In accordance with the invention, a frequency adjusting unit for the natural yawing frequency of the swinging system is made up of an apparatus carrier or housing, an azimuth drive unit and a tower. Adjustment is effected by varying the torsion or rotation spring constant of one component or of the connection between two of the components of the swinging system based on known test measurements. The structure mounted on top of the tower is positioned, such as in wind power conversion, to achieve the maximum conversion of wind power to electrical power.
It is apparent
that the adjustment of the yawing frequency, in accordance with the invention, can be achieved independently from the weight, that is, without employing additional weights solely for use in the adjustment operations, and
that the adjustment of the respective torsion spring constant desired in accordance with the invention can be effected
relatively easily and
in addition, continuously variably so that it is especially accurate.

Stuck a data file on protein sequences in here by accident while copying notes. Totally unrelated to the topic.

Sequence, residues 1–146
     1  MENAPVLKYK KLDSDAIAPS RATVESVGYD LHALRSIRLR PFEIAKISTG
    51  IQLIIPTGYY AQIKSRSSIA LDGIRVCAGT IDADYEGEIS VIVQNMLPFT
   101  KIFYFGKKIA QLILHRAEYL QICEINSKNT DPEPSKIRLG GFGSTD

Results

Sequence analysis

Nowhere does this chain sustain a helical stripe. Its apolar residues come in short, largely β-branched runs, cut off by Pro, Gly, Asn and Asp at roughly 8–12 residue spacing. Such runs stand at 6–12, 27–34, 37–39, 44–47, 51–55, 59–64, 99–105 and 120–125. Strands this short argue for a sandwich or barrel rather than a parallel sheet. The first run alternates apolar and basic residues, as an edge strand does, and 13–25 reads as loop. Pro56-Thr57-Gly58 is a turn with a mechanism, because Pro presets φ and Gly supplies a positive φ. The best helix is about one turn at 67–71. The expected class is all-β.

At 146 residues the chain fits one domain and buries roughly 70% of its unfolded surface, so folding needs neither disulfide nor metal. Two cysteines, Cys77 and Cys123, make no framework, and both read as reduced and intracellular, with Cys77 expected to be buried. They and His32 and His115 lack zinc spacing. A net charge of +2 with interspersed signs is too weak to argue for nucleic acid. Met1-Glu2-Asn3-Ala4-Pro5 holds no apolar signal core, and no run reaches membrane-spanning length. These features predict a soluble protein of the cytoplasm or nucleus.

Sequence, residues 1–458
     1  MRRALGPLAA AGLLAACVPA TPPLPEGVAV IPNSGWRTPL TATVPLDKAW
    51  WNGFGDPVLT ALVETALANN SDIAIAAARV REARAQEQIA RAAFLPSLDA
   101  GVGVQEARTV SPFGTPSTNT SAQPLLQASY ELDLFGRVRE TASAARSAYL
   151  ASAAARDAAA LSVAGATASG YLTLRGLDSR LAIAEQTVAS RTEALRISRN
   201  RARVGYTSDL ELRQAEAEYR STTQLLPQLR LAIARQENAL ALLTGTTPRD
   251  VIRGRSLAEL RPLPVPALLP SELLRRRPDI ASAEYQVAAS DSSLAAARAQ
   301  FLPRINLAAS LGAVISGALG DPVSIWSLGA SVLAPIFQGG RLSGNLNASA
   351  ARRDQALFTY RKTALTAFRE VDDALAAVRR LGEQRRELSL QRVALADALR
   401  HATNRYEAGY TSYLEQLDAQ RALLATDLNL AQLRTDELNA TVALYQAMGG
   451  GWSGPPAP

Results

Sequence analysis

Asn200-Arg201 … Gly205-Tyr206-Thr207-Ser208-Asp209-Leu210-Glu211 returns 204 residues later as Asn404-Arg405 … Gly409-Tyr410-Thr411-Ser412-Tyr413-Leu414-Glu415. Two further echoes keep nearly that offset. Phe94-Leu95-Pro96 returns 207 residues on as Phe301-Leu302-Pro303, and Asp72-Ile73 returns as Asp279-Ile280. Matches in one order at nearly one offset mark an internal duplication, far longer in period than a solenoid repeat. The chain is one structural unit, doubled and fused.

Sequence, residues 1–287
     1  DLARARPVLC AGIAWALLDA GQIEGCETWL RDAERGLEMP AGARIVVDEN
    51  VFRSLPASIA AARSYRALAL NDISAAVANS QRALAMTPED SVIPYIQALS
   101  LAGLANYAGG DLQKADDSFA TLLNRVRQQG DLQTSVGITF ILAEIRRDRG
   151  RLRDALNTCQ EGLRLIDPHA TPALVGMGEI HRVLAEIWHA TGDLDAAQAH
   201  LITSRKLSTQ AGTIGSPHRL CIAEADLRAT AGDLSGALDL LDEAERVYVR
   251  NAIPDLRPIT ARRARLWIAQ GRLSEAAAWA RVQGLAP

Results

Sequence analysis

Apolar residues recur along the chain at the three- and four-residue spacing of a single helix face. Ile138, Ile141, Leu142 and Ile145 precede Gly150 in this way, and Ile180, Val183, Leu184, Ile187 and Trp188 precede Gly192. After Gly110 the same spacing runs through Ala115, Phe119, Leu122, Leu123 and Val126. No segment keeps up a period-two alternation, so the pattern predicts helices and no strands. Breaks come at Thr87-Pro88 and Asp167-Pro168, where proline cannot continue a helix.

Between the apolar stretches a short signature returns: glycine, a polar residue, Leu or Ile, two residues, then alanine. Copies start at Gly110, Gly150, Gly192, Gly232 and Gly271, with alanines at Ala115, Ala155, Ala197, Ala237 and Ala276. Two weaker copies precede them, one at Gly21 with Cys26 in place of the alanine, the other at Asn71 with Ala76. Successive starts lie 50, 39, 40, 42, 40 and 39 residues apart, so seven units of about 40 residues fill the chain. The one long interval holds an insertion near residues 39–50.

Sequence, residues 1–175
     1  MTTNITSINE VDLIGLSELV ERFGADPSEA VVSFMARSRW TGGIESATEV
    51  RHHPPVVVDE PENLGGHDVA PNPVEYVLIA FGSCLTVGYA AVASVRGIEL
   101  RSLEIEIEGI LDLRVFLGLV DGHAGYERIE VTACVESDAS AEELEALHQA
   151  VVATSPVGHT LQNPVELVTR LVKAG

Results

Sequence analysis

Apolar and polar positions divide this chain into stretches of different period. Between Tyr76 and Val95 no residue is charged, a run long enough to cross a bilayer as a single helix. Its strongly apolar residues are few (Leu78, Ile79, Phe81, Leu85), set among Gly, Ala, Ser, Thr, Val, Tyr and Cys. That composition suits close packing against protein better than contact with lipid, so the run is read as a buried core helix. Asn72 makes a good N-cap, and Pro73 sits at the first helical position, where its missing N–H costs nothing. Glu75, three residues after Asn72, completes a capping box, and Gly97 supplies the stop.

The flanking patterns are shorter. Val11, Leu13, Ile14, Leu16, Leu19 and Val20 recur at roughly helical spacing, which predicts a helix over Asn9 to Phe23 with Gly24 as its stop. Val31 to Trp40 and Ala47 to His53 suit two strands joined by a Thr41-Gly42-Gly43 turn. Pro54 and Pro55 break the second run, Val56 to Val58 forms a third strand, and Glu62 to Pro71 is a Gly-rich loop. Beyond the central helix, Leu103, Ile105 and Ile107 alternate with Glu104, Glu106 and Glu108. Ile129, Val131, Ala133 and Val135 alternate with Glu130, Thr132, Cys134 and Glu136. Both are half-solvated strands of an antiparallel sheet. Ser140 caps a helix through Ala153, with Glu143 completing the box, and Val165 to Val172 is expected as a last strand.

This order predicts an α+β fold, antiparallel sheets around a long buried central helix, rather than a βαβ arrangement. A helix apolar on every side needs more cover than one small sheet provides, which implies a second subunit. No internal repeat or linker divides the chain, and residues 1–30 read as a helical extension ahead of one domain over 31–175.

In a first preferred embodiment (modification I) of the wind power installation according to the invention:
In the conventional trundles used in the past for wind power installations, the driven pinion is supported cantilevered on the drive shaft. The forces from the gearing are supported by a shaft over two bearings at a relatively great distance from the trundle, so that this shaft, due to its length, causes about 80-95% of the torsion angle, depending upon the type of gear unit and total transmission ratio.
If the pinion is supported independently from the gear unit fixed to the housing, the support over the shaft is no longer necessary and, therefore, the shaft can be constructed shorter and, if necessary, the gear unit can be constructed about four times stiffer which substantially increases the natural yawing frequency.